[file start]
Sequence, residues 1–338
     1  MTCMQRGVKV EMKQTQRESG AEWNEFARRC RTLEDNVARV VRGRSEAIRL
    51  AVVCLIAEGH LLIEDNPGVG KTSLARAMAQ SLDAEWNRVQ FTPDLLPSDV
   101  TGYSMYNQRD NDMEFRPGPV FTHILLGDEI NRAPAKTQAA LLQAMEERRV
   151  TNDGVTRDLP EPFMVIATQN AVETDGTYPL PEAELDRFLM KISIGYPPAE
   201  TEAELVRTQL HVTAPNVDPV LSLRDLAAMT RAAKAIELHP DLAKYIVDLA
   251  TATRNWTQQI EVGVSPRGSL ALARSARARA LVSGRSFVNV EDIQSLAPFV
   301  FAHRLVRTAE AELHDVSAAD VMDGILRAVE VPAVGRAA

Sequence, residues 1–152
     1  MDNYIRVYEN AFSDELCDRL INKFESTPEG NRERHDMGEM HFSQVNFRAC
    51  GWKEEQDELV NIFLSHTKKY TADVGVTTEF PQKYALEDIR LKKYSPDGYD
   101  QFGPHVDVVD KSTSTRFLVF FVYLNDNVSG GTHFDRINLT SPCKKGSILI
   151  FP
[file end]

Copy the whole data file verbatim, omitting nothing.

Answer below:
Sequence, residues 1–338
     1  MTCMQRGVKV EMKQTQRESG AEWNEFARRC RTLEDNVARV VRGRSEAIRL
    51  AVVCLIAEGH LLIEDNPGVG KTSLARAMAQ SLDAEWNRVQ FTPDLLPSDV
   101  TGYSMYNQRD NDMEFRPGPV FTHILLGDEI NRAPAKTQAA LLQAMEERRV
   151  TNDGVTRDLP EPFMVIATQN AVETDGTYPL PEAELDRFLM KISIGYPPAE
   201  TEAELVRTQL HVTAPNVDPV LSLRDLAAMT RAAKAIELHP DLAKYIVDLA
   251  TATRNWTQQI EVGVSPRGSL ALARSARARA LVSGRSFVNV EDIQSLAPFV
   301  FAHRLVRTAE AELHDVSAAD VMDGILRAVE VPAVGRAA

Sequence, residues 1–152
     1  MDNYIRVYEN AFSDELCDRL INKFESTPEG NRERHDMGEM HFSQVNFRAC
    51  GWKEEQDELV NIFLSHTKKY TADVGVTTEF PQKYALEDIR LKKYSPDGYD
   101  QFGPHVDVVD KSTSTRFLVF FVYLNDNVSG GTHFDRINLT SPCKKGSILI
   151  FP